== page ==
The movement was understandably popular among the Lakota Sioux, whose tribal holdings and unity were directly threatened by the Sioux Bill. Meanwhile, it was viewed as a threat by white settlers. Weldon warned Sitting Bull that it would turn him into a target, but he disregarded her. She began to advocate against the dance, causing a rift with Sitting Bull. Finally, she left the reservation. “They really meant a lot to each other,” says Pollack. “They each grieved terribly when they parted.”
Tragedy followed. Weldon’s instinct was right: A year later, U.S. officials arrested and killed Sitting Bull after he refused to stop Ghost Dance ceremonies on the reservation. Meanwhile, her son died and she returned to Brooklyn a social pariah for her association with people most white Americans loathed. She lived in poverty and died in obscurity two decades later when she was burned by a fire sparked by a candle in her apartment.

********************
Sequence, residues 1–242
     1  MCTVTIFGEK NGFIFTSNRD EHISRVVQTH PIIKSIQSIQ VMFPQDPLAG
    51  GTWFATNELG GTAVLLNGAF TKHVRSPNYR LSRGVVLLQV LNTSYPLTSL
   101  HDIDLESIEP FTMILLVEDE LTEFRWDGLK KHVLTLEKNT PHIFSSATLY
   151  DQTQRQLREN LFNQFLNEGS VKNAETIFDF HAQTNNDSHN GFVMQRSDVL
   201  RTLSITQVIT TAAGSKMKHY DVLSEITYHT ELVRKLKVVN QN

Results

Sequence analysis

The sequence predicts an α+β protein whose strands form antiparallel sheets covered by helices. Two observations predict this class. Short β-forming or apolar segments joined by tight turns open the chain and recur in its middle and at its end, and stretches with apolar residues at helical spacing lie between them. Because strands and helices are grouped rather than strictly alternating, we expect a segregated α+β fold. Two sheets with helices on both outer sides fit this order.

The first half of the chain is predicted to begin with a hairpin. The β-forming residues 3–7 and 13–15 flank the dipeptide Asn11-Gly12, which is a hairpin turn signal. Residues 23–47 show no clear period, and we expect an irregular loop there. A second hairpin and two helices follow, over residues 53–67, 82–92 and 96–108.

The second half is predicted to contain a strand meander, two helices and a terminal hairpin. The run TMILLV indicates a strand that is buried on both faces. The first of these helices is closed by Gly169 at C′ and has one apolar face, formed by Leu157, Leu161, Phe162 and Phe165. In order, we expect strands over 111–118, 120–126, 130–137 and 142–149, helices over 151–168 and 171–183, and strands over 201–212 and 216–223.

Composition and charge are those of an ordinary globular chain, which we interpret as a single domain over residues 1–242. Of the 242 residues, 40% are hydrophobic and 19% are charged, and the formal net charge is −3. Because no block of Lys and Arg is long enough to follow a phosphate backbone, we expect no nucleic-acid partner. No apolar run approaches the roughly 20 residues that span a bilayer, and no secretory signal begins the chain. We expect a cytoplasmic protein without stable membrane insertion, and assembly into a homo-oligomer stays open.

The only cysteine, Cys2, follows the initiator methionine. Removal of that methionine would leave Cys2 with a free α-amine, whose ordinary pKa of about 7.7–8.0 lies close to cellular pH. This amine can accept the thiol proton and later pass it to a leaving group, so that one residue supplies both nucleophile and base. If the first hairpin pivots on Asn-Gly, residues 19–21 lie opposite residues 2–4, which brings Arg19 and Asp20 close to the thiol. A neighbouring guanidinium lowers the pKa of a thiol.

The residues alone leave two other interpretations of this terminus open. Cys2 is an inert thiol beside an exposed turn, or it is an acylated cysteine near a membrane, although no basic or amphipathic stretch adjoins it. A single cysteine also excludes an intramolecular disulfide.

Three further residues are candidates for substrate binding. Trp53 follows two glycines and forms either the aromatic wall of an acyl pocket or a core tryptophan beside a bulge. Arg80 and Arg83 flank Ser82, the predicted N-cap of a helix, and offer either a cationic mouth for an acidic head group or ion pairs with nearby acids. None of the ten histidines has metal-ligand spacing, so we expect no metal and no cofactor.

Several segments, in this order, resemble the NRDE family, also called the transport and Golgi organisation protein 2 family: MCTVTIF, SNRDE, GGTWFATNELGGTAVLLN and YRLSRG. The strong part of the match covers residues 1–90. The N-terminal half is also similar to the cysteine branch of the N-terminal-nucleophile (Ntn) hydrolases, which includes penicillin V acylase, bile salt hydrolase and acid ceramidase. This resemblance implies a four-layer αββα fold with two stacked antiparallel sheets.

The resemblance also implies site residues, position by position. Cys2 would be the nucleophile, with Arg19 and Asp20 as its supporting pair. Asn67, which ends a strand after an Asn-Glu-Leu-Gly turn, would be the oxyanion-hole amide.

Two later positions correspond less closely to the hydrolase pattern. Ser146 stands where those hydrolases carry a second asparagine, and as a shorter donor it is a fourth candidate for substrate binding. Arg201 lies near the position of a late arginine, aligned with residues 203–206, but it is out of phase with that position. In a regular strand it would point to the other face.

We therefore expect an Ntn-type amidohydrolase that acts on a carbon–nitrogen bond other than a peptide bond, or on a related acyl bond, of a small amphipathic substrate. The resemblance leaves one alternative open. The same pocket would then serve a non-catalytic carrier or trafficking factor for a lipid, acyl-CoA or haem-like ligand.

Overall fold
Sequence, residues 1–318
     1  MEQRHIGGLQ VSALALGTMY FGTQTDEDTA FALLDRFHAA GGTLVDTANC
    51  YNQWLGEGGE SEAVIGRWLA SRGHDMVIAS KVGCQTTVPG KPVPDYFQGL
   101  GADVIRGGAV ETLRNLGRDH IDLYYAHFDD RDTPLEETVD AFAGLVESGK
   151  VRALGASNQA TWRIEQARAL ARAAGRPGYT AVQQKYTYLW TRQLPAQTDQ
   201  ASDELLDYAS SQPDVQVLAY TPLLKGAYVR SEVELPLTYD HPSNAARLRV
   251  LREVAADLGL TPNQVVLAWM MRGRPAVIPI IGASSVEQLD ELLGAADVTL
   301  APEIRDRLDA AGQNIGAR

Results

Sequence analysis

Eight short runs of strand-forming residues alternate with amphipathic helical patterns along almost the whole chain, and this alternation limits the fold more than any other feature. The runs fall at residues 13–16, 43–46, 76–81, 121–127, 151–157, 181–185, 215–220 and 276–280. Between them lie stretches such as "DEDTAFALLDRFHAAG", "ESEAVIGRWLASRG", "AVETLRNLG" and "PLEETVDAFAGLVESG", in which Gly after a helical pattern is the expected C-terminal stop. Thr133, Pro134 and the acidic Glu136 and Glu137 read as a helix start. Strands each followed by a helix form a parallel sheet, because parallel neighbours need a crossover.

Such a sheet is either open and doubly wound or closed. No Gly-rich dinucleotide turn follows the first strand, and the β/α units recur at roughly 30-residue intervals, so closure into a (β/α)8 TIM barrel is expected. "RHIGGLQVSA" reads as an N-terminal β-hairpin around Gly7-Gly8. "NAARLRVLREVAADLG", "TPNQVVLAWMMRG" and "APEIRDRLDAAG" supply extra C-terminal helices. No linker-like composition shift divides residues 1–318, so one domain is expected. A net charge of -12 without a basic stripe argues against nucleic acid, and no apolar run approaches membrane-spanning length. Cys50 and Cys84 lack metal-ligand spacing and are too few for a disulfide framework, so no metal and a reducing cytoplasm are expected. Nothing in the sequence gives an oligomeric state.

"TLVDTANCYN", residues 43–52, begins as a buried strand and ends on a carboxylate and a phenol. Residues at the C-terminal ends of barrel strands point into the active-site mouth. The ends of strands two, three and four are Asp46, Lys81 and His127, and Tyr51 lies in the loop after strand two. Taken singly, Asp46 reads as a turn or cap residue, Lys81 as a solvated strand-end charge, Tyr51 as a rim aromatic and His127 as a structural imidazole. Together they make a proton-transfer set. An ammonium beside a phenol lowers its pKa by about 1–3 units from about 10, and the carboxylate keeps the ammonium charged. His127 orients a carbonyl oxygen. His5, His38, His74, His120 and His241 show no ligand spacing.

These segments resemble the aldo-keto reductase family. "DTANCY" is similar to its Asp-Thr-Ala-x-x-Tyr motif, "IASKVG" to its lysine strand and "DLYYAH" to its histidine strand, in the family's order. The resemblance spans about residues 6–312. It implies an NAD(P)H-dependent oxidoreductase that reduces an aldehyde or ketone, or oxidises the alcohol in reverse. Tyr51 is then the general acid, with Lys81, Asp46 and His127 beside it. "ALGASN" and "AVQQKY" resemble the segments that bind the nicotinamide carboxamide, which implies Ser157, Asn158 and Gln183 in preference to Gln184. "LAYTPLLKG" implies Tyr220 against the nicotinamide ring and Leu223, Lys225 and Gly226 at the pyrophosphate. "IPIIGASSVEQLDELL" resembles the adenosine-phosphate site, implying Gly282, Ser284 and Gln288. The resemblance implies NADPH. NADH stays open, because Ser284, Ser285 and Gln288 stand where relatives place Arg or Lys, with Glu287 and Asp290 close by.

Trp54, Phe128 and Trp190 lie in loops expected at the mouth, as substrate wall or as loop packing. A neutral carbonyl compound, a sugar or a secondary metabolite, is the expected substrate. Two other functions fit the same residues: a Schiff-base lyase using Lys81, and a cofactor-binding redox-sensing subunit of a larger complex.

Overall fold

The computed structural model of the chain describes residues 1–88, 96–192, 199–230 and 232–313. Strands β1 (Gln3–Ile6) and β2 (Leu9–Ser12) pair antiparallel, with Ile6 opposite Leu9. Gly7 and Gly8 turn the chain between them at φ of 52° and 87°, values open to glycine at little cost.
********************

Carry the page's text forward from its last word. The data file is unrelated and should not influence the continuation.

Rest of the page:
Weldon and her fellow activists were not able to halt federal policy that threatened Sitting Bull and the Lakota Sioux. The Sioux Bill devastated the Sioux people, reducing their land holdings and decimating their finances. And though Sitting Bull took advantage of Weldon’s assistance and she was welcomed among the Sioux people, she seems to have appointed herself their representative without consulting them.
Still, says Pollack, “It’s incredibly important to look at the very few people who in their time bucked all the conventions at great danger to themselves to do the right thing.” By advocating for Sitting Bull and a group of people most white Americans saw as expendable, says Pollack, Weldon “tried to make America live up to its own ideals.”